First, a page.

Bristol-Myers Squibb has an expanded indication for squamous non-small cell lung cancer in hand three business days after landing Priority Review status for its then-melanoma drug Opdivo (nivolumab).

“We knew the approval was likely to be fast by the FDA, but this was very fast,” Sanford C. Bernstein analyst Tim Anderson wrote in a research note Wednesday.

The drugmaker was looking at a June approval date just last week.

Opdivo is part of the new PD-1 class of immuno-oncology drugs that includes Merck’s melanoma drug Keytruda (pembrolizumab). The two drugs have  been in a tight race since the beginning. Anderson noted that BMS’s NSCLC drug lead may be a short one since Merck is expected to submit its lung-cancer indication request by the middle of this year.

Wednesday’s approval means Opdivo can be used as a second-line treatment. EvercoreISI analyst Mark Schoenebaum wrote in a summary that the $12,500-per-month drug may be appropriate for a pool of 100,000 second-line patients.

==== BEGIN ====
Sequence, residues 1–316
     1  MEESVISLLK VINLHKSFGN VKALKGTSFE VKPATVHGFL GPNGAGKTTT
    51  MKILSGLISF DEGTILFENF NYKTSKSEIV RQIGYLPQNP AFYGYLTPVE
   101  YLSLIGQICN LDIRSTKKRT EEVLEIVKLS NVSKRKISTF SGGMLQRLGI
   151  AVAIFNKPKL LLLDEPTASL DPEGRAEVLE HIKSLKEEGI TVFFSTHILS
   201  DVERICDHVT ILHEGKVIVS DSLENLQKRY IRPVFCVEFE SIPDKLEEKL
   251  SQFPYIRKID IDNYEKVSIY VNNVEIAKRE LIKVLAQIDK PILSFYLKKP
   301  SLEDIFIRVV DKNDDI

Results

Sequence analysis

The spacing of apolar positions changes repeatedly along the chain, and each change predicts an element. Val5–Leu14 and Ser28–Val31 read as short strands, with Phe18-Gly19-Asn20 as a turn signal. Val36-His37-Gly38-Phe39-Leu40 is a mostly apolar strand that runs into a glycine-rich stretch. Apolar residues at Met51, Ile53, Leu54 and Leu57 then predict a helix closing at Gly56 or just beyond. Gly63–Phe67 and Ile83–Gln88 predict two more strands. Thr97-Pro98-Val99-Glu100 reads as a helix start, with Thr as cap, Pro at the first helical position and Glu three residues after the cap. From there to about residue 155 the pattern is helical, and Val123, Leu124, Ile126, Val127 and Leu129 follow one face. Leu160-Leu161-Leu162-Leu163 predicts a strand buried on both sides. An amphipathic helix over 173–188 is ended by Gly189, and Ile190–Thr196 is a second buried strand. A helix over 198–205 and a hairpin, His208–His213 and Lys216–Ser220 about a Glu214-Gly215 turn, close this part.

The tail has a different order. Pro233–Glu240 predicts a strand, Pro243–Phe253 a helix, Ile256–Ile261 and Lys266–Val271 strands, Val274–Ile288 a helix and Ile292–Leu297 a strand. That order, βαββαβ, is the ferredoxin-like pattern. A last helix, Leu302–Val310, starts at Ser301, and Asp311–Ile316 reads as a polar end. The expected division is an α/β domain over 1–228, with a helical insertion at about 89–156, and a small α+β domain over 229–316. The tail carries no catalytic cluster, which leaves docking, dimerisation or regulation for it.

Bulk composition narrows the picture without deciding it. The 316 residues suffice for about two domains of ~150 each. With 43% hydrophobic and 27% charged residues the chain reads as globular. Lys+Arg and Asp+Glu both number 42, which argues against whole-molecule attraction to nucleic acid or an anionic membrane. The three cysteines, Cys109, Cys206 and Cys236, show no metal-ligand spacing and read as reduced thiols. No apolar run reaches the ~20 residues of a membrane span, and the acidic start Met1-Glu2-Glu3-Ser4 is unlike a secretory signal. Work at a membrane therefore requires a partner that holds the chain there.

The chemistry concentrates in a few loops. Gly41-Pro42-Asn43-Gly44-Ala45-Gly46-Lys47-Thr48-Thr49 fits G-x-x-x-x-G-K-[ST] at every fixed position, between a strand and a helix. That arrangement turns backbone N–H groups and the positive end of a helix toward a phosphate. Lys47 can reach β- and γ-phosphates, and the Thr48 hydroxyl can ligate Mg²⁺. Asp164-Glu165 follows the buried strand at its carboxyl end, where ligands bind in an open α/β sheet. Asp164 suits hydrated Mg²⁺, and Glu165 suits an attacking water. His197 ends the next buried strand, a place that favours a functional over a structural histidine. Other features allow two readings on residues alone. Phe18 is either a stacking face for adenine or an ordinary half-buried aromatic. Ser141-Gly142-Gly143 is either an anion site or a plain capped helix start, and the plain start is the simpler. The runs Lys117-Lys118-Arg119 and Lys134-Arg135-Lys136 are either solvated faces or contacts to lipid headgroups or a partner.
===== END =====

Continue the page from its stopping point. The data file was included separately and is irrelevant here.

Duration of therapy has yet to be determined, but Leerink analyst Seamus Fernandez noted that the drug’s reach could be sizable because the label does not include a PD-1 biomarker restriction.

“This removes any doubt about the FDA restricting the patient population for Opdivo,” he wrote, adding that this is of particular importance because Roche and Merck “primarily studied their PDL1 and PD1 antibodies in PDL1 biomarker positive patients.” The FDA granted Roche’s experimental PD-L1, MPDL3280A, Breakthrough Therapy status in February.

Bristol-Myers Squibb already has a sales force in place. The company told MM&M in January it had “increased the size of our field teams, both sales and medical to ensure that we have the right resources if we receive approval for a lung-cancer indication.”